HOLLYWOOD — Forget Otto Preminger’s “Exodus” — Israel has rarely, if ever, been depicted onscreen as iconoclastically as in “The Holy Land,” which premiered at the recent L.A. Film Festival.
Eitan Gorlin’s unorthodox feature about the Jewish state is a cross between “Portnoy’s Complaint” and “Salvador.” Like Philip Roth’s controversial novel about American Jewry, Eitan’s nonkosher indie shatters stereotypes about Israelis and an unholy land.
Gorlin’s directorial debut opens as rabbinical student Mendy (Oren Rehany) masturbates in the bathroom while his Orthodox rabbi father prepares for a shabbas dinner ceremony.
Later, a yeshiva teacher noticing the young man’s distraction advises Mendy to “get it out of his system” via prostitutes. At a Tel Aviv brothel, Mendy becomes obsessed with a Russian emigre. Lying to his parents, Mendy moves to Jerusalem to pursue Sacha the hooker.
But wait, there’s more: At Mike’s Place — a contemporary Rick’s Cafe in this post-modern “Casablanca” — Mendy falls in with a decidedly unrabbinical crew: Yank expat Mike, a war photojournalist-turned-barman; the Exterminator, a messianistic, M-16-wielding American settler; and Razi, an Arab wheeler-dealer.
Gorlin says the characters are based on people he knew when he lived in Jerusalem.
“It’s an interesting mix (and) a real country, (with) lots of conflict and crime,” says Gorlin, who adds he was “blown away” by the diversity.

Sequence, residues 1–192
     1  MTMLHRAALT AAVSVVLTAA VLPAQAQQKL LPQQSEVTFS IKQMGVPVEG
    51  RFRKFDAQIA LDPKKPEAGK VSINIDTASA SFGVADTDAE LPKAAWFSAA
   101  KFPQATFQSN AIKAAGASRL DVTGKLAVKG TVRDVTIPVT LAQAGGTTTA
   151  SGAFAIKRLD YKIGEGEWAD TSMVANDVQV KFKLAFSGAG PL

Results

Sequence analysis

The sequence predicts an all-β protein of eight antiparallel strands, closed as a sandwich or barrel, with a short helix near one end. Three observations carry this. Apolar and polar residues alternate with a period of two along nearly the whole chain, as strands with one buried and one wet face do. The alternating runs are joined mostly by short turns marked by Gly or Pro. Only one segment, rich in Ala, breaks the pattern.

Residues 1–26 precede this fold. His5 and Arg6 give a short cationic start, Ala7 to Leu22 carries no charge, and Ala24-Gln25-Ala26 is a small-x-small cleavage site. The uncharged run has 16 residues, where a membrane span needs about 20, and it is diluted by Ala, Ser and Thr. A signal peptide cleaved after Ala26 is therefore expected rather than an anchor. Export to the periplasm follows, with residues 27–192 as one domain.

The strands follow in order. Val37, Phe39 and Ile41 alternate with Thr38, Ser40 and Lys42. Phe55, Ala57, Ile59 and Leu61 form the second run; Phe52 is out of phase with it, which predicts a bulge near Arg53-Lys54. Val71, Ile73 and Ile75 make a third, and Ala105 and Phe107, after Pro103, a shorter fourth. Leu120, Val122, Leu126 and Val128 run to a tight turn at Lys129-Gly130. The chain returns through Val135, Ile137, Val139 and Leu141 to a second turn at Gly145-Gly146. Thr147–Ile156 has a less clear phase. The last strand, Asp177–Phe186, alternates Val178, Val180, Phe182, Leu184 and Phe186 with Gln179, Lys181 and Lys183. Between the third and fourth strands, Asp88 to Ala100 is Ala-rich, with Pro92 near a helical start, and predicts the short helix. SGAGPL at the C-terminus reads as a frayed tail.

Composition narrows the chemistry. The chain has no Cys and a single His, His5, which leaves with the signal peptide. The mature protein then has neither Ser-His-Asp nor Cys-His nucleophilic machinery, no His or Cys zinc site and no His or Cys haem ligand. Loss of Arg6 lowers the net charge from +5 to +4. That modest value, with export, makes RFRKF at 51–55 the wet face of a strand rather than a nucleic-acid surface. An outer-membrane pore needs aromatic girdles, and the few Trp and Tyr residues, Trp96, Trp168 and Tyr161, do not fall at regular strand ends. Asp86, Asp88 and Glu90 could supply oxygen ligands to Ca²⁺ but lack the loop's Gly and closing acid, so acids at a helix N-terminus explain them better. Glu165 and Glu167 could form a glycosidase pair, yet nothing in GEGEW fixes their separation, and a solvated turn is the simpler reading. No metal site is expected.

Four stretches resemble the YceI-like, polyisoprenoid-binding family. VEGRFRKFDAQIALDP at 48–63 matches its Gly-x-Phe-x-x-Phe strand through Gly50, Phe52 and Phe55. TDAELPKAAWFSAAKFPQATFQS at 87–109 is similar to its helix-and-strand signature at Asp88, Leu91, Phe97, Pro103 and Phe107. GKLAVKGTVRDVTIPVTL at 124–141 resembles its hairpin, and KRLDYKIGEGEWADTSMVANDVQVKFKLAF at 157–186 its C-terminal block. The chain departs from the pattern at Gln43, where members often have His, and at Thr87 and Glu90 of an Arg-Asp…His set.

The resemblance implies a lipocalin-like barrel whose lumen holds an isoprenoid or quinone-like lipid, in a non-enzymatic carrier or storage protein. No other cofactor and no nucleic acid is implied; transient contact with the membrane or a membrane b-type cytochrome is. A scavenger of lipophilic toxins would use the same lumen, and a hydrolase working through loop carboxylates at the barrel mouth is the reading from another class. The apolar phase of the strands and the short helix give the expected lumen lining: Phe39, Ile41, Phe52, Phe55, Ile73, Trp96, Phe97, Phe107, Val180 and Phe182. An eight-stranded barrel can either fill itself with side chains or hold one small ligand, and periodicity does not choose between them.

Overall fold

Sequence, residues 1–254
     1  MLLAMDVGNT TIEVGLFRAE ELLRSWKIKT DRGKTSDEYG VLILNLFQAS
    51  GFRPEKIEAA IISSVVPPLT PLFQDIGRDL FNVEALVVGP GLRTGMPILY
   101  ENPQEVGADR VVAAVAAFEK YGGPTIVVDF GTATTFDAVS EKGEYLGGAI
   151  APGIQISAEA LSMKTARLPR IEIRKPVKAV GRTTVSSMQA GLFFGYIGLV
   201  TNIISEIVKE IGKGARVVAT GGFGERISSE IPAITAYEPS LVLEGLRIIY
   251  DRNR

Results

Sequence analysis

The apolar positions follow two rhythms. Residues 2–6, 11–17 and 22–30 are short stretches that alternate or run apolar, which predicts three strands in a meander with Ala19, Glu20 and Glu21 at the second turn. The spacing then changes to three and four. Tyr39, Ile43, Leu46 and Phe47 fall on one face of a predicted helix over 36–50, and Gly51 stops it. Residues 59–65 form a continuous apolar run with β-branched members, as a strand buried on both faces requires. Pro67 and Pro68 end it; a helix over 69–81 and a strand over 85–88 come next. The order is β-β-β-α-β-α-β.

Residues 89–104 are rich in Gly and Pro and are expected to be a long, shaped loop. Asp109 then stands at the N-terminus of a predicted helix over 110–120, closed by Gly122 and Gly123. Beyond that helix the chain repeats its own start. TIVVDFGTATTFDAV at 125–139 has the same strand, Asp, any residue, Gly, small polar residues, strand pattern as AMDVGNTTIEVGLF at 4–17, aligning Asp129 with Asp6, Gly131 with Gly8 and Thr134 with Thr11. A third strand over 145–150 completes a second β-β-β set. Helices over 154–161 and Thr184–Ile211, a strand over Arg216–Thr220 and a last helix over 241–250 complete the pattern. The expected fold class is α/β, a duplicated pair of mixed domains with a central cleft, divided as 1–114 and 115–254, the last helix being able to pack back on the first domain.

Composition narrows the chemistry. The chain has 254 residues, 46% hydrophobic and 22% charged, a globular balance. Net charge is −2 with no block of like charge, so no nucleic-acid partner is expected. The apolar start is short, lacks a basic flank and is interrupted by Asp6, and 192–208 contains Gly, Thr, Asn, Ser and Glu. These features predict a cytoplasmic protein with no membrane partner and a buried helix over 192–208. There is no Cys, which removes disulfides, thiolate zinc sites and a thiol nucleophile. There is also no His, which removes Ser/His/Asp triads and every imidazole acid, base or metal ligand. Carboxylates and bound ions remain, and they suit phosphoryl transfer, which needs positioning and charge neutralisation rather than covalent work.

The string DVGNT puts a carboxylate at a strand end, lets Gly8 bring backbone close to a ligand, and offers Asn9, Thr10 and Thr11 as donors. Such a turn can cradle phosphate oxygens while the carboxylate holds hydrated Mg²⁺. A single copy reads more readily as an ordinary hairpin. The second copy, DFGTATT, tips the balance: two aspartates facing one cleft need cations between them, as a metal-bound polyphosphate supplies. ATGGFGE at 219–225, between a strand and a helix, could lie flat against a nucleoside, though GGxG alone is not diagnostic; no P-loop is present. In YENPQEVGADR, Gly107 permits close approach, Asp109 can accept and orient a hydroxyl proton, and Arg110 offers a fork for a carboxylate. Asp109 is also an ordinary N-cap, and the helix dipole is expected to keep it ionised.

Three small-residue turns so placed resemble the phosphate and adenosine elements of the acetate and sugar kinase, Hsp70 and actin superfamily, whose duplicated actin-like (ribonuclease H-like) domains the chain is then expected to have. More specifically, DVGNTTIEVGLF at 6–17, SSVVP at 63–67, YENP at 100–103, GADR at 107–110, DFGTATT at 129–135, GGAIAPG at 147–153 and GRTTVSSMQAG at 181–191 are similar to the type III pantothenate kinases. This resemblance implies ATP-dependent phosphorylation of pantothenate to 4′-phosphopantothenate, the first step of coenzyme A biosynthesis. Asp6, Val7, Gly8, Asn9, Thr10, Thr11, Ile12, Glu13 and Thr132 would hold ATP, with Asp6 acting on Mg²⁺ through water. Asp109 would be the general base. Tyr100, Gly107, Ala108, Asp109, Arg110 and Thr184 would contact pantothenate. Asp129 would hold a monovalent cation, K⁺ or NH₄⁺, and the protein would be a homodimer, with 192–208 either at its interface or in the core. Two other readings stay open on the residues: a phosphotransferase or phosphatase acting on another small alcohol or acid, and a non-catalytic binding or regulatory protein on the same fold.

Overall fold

Regarding the demi-monde in the holy land, the writer-director says prostitution is pretty much legal. Russian gangsters “fly girls into Cairo and smuggle (them) through the Sinai desert over camels with Bedouins,” he claims.
“I’ve been to Bangkok, and I’ve never seen a red light district like Tel Aviv’s.”The thirtyish Gorlin was born in America to parents he calls “very Zionistic.” In the 1990s, he served in the Israeli army and, like Mendy, studied for the rabbinate and tended bar during a period of bus bombings in Israel.
Gorlin was not involved in the Israeli film scene, instead taking cinema at the U. of Pennsylvania and the New School in Gotham, helming a 16mm short and writing.
Gorlin crewed low-budget pics, produced the feature-length “Sometime in August,” and says a journalist friend at the real Mike’s Place got the ball rolling in financing the modestly budgeted “Holy Land.”
When asked what reaction Jewish opinion makers may have to what Gorlin calls “a very unconventional screen image of Israel,” the director responds that artists exist to debunk myths.
“Do I think I’ll become the Salmon Rushdie of the Jews?” Gorlin posits. “I don’t care. Most American Jews have this (wrong) perception of the holy land. A lot of this movie was the irony, or to turn that (misperception) upside down.”